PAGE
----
Twilight Wedge from Sunlight Peak
Twilight Wedge from Sunlight Peak, Weminuche Wilderness, Colorado
Worried that I might not have made the best possible image during my first shoot on Sunlight, I decided to try again the next day. This time I found the easiest way, even in the dark, since I had seen it in daylight just 24 hours earlier, and reached the summit about 45 minutes before sunrise.
One of the privileges of shooting sunrise from the summit of a Fourteener is the opportunity to witness amazing displays of natural light. To understand how a normally blue sky can turn pink at sunrise, you need a quick primer on atmospheric optics. Light as it leaves the sun is composed of all wavelengths. When it strikes the Earth's atmosphere, air molecules begin to scatter the light in a process called Rayleigh scattering. The amount of scattering is inversely proportional to the wavelength. Blue light, which has a short wavelength, scatters much more than red light, which has a longer wavelength. On a clear day, the sky is blue because we see blue light scattered to our eyes from the air molecules in the path of our gaze. At midday, we see the color of the sunlight that passes directly through the atmosphere and illuminates objects on the ground below as white.
The length of the path sunlight takes through the atmosphere at sunset is much longer than at midday. That gives air molecules many more opportunities to scatter the blue light out of the beam of sunlight, leaving behind only the warm red and orange hues, which pass straight through. If some clouds are present on an otherwise clear evening, this direct, warm-toned sunlight turns the clouds to gold.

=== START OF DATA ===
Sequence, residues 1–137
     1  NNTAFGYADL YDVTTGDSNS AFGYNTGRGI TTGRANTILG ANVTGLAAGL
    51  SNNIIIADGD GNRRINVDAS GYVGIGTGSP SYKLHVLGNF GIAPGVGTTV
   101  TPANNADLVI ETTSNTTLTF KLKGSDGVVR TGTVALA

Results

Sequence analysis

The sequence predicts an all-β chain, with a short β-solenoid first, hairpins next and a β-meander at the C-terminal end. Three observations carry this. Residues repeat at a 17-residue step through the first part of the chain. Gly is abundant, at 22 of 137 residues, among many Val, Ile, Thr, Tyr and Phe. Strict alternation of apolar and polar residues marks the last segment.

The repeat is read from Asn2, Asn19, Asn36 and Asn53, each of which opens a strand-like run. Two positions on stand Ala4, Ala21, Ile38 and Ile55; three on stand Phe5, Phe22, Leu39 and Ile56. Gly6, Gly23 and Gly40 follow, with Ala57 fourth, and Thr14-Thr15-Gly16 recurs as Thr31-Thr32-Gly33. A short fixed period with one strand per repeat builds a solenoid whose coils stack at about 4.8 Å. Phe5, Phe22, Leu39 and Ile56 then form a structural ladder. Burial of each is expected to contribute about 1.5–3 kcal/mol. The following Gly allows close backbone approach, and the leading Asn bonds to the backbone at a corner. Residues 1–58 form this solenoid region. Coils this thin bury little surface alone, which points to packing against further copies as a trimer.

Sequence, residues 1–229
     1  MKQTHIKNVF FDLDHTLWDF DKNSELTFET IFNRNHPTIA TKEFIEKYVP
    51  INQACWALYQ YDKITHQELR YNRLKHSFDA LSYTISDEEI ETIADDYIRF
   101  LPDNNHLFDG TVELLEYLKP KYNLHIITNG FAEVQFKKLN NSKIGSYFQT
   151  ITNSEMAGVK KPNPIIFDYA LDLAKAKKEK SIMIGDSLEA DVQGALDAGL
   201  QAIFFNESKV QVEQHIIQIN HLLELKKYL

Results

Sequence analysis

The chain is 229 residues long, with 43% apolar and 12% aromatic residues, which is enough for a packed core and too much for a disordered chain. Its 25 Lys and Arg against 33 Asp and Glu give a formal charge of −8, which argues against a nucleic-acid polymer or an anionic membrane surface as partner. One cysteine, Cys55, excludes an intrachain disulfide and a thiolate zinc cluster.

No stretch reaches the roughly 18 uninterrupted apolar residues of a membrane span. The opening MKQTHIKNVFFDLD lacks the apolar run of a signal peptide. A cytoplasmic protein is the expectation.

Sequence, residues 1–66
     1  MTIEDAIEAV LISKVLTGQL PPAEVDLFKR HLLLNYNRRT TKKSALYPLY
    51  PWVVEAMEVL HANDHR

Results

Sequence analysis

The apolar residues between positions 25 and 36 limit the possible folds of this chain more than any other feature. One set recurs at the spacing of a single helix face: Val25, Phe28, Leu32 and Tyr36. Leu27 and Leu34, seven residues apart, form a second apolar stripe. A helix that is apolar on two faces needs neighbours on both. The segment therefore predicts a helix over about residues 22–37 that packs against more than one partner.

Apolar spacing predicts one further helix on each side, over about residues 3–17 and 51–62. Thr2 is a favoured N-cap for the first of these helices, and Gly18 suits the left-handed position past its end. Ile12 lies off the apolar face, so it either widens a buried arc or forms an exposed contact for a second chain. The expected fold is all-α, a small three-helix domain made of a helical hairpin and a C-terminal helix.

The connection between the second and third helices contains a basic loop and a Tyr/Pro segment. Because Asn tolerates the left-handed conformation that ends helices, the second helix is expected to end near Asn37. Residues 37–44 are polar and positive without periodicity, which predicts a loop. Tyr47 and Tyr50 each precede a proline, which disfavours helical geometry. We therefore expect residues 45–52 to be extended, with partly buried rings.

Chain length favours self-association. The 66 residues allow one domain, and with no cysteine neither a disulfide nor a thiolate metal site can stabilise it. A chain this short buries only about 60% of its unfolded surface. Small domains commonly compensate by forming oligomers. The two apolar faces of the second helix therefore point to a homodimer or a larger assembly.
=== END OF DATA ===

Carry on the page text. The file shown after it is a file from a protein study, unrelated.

That same selective sorting of wavelengths via Rayleigh scattering causes the pink band of light seen in this image, looking west from the summit of Sunlight toward Mt. Eolus, North Eolus, Turret, Pigeon and Monitor peaks. Light from the rising sun, which is just below the horizon, takes a very long path through the atmosphere from east to west, losing most of its blue light as it goes, then bounces off air molecules and dust particles in the western sky and returns to your eye as a luminous pink glow. The effect is most pronounced at high altitude when your horizon is at the same elevation as you are, or even lower ‒ a description which exactly fits the summit of a Fourteener. The blue band of sky visible below the pink band is actually the Earth's shadow. The blue band is thickest at a point on the western horizon that is directly opposite the sun. The thickness of the band tapers off as you look either north or south of the "anti-solar" point, which gives this beautiful phenomenon its name: the twilight wedge.
Just to keep the record straight: I did not set up my 4x5 field camera on the frighteningly small and extremely exposed true summit of Sunlight but rather on the rocky terraces about 15 feet lower. Perhaps the 20 years that had passed since my hard-core rock-climbing days had reawakened my "instincts of self-preservation," as my father would have put it. In fact, I didn't even stand up on the summit, a feat said by some to be a rite of passage for "real" mountaineers. Instead, I sat there, soaking in the amazing view and wondering what could possibly have possessed Carl Blaurock, who is said to have performed a headstand on the exact summit during a CMC outing in 1920!